Native identities, even simply tribal belonging, comes with a role, a duty to your Nation, community, family, clan, and ancestors. Being Native, and more importantly saying you’re Native, is not just an identity to wear or throw into conversation; it comes with a history and a purpose of belonging. Being Native is something you do and something you are born into. One could even say that to be born Native is to be born into circles of kinship, each requiring their own tending-to, a network of responsibilities that do not come lightly, although they do come beautifully.
For Non-Natives to identify with the term Two-Spirit because they feel as if there is a masculine and feminine spirit inside of them is to hyper-generalize one of many understandings of Two-Spirit, and to boil it down to an all too superficial interpretation of the text. If the word you are looking for is bigender, dual-gender, or genderfluid, those already exist without a history of being stolen. Non-Natives using that term so freely for themselves is honestly disgusting, degrading, and insulting when our traditions have been banned, when we have been whipped, imprisoned and murdered for something as simple as praying in our language. An identity that was forged out of resisting the violence of colonialism being used by the very colonialists themselves on these lands is absolutely infuriating. To claim Two-Spirituality as a Non-Native is the direct equivalent to claiming you belong to an Indigenous community when you do not. Don’t Elizabeth Warren your way through queer spaces.
I do definitely sympathize with the longing of many white queers to connect their queerness and gender abundance to a history that isn’t based in violence and opposition. I do believe in the power of these things, and the need to find spirituality in sexual and gender abundance. However, it is not our fault that Christian colonialism along with other violent forces in Europe worked to undo and erase traditional roles and identities relevant to white cultures, and you do not get to piggyback off of our suffering and our hard work. It’s a difficult, long, and frightening process to dig into history to find traditional identities, but we have and are doing that work, so do it for yourself instead of profiting off the labour of Indigenous peoples.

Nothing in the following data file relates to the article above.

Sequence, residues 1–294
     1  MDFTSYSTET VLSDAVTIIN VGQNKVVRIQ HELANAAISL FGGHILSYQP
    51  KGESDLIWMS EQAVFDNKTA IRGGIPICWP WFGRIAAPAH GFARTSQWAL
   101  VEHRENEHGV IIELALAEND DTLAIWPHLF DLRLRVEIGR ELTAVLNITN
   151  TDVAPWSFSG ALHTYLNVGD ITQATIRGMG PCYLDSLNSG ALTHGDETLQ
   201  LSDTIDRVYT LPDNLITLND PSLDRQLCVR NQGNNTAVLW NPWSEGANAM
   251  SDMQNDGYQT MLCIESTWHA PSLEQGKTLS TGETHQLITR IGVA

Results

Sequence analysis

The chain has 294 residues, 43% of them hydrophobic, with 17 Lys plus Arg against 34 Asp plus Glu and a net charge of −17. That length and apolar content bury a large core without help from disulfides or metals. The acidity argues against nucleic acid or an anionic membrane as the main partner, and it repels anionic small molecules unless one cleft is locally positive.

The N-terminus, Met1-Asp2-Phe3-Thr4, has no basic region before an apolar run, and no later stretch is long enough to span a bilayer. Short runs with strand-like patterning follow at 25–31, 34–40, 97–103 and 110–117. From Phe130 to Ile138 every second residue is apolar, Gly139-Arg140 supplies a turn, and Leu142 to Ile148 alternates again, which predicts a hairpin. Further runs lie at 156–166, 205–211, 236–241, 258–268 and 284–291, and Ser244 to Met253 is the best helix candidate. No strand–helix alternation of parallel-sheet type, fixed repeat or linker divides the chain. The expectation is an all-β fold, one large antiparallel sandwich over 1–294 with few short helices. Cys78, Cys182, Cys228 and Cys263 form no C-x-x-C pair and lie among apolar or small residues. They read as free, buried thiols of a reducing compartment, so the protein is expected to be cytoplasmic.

Also remember that tradition starts somewhere, and just because you lack a traditional or historical term, doesn’t mean the terms used now are any less valid or powerful. You can create your own traditions and be the start of a new chapter in history at any time, and I believe that is very much happening within the queer community in this very moment. Be the bearer of a torch of queer tradition that generations of queer youth will be proud to carry, one that isn’t marred by appropriation and perpetuation of colonial violence. Be the ancestors you have always wished for.
On another note in the same vein, retire that ratty dream catcher, bury the sage and sweetgrass you bought, retire smudge sticks, and get the hell out of sweat lodges. Reach into the vast history of European spiritualities to either revive or construct your own spiritual practices. Ours belong to us and would be much better off without white hands endangering our medicines and misinterpreting our ceremonies.
As always, thank you for taking the time to read this piece, and let these words sit with you until they become second nature in your mind.
Niá:wen tánon skén:nen kénhak!
*In the late 1800’s the federal government adopted the Code of Indian Offenses, which among many other policies, punished Natives practicing traditional spiritualities on reservations by whipping, withholding food rations, and even imprisonment. It wasn’t until the 1970’s that a religious freedom act was passed for Indigenous peoples in the U.S.